Long-duration gamma-ray bursts (GRBs) are widely believed to be highly collimated explosions (bipolar conical outflows with half-opening angle θ ≈ 1°-10°). As a result of this beaming factor, the true energy release from a GRB is usually several orders of magnitude smaller than the observed isotropic value. Measuring this opening angle, typically inferred from an achromatic steepening in the afterglow light curve (a "jet" break), has proven exceedingly difficult in the Swift era. Here, we undertake a study of five of the brightest (in terms of the isotropic prompt γ-ray energy release, E γ,iso) GRBs in the Swift era to search for jet breaks and hence constrain the collimation-corrected energy release. We present multi-wavelength (radio through X-ray) observations of GRBs050820A, 060418, and 080319B, and construct afterglow models to extract the opening angle and beaming-corrected energy release for all three events. Together with results from previous analyses of GRBs050904 and 070125, we find evidence for an achromatic jet break in all five events, strongly supporting the canonical picture of GRBs as collimated explosions. The most natural explanation for the lack of observed jet breaks from most Swift GRBs is therefore selection effects. However, the opening angles for the events in our sample are larger than would be expected if all GRBs had a canonical energy release of ∼ s10 51erg. The total energy release we measure for the "hyper-energetic" (E tot ≳ 1052erg) events in our sample is large enough to start challenging models with a magnetar as the compact central remnant.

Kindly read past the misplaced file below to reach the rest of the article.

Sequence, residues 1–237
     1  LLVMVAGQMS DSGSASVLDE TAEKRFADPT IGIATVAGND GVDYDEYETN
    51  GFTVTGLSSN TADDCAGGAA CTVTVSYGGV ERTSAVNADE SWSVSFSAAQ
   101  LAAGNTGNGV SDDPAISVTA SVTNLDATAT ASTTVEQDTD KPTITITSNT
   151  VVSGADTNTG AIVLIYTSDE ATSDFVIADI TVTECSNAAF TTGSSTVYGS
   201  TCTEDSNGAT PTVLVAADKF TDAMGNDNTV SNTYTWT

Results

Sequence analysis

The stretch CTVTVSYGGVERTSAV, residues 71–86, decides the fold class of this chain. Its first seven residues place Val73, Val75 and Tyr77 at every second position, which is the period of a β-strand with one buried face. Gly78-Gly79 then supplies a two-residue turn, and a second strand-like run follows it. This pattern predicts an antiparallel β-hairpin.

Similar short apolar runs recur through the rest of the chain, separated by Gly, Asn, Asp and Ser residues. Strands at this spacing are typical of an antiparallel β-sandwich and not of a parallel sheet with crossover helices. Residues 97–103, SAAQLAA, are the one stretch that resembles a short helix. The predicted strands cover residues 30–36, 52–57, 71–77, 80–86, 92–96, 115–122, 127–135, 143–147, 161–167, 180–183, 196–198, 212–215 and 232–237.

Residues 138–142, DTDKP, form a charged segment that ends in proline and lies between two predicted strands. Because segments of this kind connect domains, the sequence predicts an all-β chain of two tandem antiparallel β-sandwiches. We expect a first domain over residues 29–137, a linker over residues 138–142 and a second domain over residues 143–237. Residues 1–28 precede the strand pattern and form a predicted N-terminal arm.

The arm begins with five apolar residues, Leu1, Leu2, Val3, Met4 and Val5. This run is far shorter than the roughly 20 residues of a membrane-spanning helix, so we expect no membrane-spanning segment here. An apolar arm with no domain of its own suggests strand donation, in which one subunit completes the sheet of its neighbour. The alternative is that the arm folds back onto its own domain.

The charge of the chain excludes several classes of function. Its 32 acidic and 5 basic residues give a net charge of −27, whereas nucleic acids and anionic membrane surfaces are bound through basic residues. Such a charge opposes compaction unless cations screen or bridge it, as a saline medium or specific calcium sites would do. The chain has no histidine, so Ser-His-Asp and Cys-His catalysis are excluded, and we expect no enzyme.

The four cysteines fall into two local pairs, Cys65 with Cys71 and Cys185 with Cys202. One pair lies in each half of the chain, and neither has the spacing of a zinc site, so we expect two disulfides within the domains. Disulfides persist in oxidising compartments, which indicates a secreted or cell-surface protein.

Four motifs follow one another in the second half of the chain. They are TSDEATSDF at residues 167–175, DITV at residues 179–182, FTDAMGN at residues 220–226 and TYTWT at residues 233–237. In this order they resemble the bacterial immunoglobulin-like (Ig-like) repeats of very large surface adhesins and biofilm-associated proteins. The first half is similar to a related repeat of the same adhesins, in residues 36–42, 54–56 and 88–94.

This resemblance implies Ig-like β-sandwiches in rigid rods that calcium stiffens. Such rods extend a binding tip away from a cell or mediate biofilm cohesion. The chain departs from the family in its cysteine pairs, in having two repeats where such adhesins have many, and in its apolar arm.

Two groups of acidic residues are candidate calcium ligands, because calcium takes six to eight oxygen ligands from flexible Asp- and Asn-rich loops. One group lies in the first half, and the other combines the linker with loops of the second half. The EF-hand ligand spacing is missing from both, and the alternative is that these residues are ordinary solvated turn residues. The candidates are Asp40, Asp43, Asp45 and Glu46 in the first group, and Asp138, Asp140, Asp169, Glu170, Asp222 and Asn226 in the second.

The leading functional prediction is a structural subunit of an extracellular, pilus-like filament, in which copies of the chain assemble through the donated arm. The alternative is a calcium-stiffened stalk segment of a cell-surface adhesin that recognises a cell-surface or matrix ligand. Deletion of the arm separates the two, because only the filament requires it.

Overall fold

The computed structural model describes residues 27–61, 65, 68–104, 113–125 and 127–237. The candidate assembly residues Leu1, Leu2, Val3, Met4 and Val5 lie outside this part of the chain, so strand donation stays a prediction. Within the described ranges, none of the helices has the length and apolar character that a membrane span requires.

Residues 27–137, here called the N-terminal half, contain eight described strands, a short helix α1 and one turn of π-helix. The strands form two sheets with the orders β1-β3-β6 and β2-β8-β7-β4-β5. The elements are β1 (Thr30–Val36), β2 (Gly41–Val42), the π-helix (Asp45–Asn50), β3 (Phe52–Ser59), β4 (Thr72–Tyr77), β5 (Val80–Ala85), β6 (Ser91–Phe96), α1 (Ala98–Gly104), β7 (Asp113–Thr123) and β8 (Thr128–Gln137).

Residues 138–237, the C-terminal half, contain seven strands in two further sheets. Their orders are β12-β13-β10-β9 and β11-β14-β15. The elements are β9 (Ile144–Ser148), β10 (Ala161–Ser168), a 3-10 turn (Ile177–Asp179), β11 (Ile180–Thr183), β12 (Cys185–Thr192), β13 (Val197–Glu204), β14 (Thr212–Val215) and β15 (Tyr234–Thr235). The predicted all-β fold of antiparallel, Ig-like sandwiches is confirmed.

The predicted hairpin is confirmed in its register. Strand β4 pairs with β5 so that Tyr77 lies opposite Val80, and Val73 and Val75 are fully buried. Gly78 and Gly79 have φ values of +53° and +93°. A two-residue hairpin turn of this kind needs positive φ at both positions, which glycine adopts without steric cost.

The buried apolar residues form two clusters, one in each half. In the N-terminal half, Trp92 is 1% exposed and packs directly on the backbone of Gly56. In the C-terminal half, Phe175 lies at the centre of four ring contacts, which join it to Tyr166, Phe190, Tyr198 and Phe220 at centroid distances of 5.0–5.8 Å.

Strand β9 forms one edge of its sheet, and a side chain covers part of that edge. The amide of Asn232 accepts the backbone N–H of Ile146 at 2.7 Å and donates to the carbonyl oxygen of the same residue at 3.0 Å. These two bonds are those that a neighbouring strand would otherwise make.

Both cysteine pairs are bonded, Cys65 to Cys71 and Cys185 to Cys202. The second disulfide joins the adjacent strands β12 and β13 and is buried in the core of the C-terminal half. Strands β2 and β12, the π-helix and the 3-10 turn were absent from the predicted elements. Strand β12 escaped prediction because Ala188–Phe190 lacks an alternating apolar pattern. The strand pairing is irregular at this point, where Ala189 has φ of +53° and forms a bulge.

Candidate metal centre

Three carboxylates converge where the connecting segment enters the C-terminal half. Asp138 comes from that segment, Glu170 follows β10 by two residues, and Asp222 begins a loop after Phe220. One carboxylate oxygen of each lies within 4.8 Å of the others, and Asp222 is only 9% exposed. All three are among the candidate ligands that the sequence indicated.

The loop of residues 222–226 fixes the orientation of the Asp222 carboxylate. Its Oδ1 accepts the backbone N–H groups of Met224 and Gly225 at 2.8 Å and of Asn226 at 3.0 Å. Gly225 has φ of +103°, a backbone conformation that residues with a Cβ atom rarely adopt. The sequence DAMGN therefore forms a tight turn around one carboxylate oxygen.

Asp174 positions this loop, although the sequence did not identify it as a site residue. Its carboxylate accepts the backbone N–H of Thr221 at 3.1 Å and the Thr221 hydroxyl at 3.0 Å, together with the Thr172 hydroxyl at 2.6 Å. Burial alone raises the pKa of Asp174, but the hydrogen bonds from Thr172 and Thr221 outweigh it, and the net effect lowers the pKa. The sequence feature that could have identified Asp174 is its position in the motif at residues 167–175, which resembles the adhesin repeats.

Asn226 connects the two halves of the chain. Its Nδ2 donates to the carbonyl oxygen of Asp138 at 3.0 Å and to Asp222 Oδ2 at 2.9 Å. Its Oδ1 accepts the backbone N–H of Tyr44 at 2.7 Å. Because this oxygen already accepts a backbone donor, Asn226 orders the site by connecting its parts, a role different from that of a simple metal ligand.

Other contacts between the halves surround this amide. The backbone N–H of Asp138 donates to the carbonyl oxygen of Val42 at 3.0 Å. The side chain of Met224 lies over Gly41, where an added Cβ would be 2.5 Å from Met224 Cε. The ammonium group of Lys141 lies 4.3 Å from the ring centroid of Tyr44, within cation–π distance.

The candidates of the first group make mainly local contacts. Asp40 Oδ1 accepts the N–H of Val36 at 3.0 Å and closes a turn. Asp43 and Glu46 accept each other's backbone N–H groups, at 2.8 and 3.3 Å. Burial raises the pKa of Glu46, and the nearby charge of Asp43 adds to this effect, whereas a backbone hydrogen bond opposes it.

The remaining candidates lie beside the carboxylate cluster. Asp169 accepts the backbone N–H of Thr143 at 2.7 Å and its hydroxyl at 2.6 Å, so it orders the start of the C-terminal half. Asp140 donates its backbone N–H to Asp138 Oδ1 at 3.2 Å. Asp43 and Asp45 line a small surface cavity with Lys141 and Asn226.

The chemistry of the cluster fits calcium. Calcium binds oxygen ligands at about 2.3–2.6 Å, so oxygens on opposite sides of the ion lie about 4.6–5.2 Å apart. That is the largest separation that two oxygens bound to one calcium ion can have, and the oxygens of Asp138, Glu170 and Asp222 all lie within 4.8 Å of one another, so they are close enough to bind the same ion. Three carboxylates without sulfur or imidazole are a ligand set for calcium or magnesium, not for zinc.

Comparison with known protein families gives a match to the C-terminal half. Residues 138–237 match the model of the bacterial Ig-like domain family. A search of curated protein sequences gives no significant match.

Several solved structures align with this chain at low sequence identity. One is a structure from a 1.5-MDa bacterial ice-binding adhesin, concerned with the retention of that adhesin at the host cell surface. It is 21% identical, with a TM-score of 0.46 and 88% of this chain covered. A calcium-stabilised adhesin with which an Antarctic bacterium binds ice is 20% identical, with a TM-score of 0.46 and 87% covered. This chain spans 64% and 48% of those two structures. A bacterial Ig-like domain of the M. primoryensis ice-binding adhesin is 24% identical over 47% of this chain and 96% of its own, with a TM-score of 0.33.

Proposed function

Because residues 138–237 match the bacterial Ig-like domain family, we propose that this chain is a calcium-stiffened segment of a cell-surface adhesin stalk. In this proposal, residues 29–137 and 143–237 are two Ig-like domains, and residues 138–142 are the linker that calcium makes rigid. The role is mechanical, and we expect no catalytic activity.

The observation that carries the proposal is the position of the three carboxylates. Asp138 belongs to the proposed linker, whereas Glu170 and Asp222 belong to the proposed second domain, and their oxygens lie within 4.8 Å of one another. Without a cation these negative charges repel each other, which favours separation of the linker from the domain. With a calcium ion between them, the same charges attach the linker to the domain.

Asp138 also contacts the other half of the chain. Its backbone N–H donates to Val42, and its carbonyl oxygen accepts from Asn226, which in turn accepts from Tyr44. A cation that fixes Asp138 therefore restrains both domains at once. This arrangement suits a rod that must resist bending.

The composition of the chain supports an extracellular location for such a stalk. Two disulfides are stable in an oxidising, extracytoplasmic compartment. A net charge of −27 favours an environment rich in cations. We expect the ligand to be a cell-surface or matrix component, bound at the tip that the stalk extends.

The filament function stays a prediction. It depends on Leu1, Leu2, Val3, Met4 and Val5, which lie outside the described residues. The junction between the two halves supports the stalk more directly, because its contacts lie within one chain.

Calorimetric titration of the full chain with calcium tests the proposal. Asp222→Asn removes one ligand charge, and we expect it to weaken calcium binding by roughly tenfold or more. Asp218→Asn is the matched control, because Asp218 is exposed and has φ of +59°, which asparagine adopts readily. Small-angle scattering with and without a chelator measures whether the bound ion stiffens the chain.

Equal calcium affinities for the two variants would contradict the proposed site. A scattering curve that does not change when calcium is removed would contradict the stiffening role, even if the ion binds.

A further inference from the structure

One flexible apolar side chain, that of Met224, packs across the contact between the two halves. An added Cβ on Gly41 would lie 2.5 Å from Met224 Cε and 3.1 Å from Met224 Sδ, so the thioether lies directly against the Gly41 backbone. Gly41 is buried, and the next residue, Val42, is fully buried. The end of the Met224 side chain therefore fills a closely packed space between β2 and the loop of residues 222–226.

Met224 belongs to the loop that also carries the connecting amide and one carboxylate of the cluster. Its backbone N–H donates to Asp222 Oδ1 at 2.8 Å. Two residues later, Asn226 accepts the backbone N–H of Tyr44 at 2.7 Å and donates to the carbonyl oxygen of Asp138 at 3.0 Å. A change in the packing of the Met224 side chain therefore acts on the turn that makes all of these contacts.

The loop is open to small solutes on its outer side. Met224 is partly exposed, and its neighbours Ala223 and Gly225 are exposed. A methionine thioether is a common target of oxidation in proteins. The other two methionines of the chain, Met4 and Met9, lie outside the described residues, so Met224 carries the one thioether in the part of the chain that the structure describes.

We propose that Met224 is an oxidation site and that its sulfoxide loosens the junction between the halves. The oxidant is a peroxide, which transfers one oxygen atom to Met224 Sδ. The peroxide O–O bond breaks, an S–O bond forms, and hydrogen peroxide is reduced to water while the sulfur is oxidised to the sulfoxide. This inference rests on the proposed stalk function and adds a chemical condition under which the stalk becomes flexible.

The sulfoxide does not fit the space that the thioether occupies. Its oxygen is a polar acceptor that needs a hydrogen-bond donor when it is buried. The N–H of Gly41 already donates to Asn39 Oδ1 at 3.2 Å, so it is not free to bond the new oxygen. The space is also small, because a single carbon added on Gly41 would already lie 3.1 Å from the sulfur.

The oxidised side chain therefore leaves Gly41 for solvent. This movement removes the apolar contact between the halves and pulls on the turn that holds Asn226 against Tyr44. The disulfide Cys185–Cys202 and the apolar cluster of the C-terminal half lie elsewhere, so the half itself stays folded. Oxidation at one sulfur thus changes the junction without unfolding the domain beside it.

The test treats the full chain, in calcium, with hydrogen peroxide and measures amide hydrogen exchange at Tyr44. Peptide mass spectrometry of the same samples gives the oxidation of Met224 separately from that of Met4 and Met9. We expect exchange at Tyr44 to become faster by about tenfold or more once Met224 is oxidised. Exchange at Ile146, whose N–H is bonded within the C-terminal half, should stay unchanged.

All Science Journal Classification (ASJC) codes
- Astronomy and Astrophysics
- Space and Planetary Science